FOR IMMEDIATE RELEASE
Thursday, Sept. 27, 2007
Scientists Sequence Genome of Intestinal Parasite that Afflicts Hikers and Kids in Daycare
In the September 28, 2007, issue of the journal Science, an international team of researchers led by scientists at the Marine Biological Laboratory (MBL) in Woods Hole, MA, and funded by the National Institute of Allergy and Infectious Diseases (NIAID), one of the National Institutes of Health (NIH), describes the complete genetic sequence of the parasite.
The bane of hikers drinking from mountain streams and of small children in daycare, G. lamblia is the most common intestinal parasite identified by public health laboratories in the United States, according to a 2005 report by the Centers for Disease Control and Prevention. Analysis of its genome has already shed light on the organism’s evolution and revealed opportunities for future research.
“Existing drugs can effectively treat people with Giardia infections, but as with many pathogens, the concern is that the parasite will develop resistance to these medications,” says NIAID Director Anthony S. Fauci, M.D. “The Giardia lamblia genome shows us that the parasite has a large complement of unusual proteins that are potential targets for new drugs or vaccines.”
Giardia spends one phase of its lifecycle in the environment and the other in the gut of an infected human or wild animal. To maintain this dual existence, the parasite has two radically different microscopic forms.
In water, Giardia exists as a hardy, highly infectious cyst, which can survive for months, even in fresh water devoid of all nutrients. In the gut, Giardia exists in a swimming and feeding form known as a trophozoite.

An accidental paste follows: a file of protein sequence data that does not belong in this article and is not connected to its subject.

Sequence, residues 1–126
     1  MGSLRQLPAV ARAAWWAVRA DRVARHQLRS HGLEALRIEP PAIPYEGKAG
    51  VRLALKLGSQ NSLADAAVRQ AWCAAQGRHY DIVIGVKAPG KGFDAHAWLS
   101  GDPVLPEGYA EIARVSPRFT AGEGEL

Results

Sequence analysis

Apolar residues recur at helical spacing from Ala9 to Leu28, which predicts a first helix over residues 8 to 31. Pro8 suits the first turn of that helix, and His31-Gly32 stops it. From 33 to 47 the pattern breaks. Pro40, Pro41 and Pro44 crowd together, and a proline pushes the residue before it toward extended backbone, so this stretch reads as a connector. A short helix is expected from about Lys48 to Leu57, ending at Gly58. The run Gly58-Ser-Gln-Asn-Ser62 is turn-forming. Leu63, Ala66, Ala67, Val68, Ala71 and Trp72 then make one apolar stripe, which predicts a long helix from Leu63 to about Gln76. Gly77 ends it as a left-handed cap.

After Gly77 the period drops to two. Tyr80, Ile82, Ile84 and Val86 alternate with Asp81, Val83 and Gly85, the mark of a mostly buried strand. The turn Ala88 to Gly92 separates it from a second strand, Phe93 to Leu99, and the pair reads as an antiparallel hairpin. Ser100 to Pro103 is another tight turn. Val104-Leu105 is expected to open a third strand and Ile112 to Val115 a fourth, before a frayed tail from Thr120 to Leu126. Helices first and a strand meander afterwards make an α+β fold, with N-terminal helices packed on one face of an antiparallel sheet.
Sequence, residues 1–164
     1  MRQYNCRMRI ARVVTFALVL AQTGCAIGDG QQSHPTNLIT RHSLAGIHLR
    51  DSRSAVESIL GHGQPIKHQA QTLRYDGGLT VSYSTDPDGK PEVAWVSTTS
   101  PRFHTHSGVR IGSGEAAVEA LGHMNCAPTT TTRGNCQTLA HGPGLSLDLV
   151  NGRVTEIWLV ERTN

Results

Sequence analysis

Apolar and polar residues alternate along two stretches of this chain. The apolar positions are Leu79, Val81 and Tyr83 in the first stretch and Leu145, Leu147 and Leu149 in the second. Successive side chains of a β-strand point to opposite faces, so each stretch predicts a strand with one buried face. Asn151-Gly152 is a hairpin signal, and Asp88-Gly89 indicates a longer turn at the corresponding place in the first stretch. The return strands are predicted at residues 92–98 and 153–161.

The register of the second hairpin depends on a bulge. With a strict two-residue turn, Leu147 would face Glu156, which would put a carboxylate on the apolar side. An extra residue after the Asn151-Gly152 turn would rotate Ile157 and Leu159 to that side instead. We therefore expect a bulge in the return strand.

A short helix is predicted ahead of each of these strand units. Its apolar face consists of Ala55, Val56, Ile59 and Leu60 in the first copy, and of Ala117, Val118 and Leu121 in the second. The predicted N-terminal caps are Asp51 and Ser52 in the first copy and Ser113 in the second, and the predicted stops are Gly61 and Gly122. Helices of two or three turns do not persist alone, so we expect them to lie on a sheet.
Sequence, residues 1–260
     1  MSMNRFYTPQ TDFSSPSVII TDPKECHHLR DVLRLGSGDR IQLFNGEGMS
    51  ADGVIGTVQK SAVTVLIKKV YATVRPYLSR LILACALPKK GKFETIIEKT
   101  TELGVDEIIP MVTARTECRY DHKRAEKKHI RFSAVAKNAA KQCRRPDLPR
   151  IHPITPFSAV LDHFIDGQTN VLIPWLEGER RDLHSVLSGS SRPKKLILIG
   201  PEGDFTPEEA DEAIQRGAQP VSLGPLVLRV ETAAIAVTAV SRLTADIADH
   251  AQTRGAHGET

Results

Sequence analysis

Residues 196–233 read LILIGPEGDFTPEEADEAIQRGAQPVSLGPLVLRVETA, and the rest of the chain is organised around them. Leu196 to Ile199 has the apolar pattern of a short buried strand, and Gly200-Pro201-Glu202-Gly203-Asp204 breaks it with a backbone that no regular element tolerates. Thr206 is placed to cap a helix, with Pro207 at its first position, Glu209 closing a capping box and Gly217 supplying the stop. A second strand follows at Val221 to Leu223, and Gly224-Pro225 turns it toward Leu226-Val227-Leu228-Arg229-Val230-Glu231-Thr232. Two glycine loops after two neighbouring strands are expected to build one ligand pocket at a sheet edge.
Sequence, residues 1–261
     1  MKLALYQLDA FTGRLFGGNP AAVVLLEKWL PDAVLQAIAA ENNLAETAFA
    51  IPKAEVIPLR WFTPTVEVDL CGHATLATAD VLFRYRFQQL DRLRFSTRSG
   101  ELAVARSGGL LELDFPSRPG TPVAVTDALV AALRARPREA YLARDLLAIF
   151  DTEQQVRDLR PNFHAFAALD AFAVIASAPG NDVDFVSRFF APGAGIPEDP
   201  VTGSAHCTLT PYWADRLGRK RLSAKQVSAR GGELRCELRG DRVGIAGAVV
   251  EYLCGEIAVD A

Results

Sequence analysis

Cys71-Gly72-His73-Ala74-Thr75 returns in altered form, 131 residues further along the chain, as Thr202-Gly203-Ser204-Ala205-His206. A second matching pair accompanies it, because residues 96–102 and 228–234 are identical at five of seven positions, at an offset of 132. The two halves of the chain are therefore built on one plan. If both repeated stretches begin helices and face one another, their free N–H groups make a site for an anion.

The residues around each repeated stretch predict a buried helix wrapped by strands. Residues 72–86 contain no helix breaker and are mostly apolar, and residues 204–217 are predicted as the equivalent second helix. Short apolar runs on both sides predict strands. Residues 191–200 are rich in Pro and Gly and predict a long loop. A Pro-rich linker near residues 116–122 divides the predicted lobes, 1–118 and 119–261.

The awakening of the dormant cyst happens quickly after someone swallows contaminated water or food. After the cysts encounter the warm acidic juices in the stomach, they change into trophozoites. Within about two hours, these trophozoites will be swimming in the intestines.
Unlike many other parasites, trophozoites do not invade tissues or cells. Instead they simply attach to cells, drink in nutrients and multiply. The parasite evades the immune system and persists in the intestine by shifting the proteins it displays on its surfaces.
Giardia performs this molecular chicanery so well that half of all people who are infected are unaware that they even harbor the parasite. Symptoms for the unfortunate other half include nausea, diarrhea, bloating and abdominal cramping. Because trophozoites cling to intestinal cells that absorb fats and nutrients, such infections can lead to severe complications such as poor nutrient absorption and weight loss.
Existing drugs can effectively treat people with Giardia infections, the disease known as giardiasis, but most infections resolve on their own. When trophozoites detach from the intestinal wall, they may swim and reattach to new intestinal cells, or they may pass down the digestive tract and into the bowels, transform back into cysts and be passed through the stools.
The completed genome is a publicly available resource that should help advance research on new ways to treat or prevent Giardia infections because it provides scientists with a comprehensive dossier of the parasite’s genes—often an important first step in designing potential new drugs and vaccines. These targets include genes the parasite uses to make proteins involved in crucial stages of infection, evading the immune system, shifting between its two forms and feeding.